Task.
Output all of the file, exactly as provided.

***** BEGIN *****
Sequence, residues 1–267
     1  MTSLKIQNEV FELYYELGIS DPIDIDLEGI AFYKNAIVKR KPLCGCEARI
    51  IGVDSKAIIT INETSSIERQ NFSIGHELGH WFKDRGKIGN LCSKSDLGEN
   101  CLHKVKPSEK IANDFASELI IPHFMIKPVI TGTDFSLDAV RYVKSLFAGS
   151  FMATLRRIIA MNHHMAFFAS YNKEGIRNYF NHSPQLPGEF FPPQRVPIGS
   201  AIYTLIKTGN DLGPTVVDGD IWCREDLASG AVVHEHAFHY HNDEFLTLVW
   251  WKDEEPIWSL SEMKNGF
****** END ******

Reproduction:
Sequence, residues 1–267
     1  MTSLKIQNEV FELYYELGIS DPIDIDLEGI AFYKNAIVKR KPLCGCEARI
    51  IGVDSKAIIT INETSSIERQ NFSIGHELGH WFKDRGKIGN LCSKSDLGEN
   101  CLHKVKPSEK IANDFASELI IPHFMIKPVI TGTDFSLDAV RYVKSLFAGS
   151  FMATLRRIIA MNHHMAFFAS YNKEGIRNYF NHSPQLPGEF FPPQRVPIGS
   201  AIYTLIKTGN DLGPTVVDGD IWCREDLASG AVVHEHAFHY HNDEFLTLVW
   251  WKDEEPIWSL SEMKNGF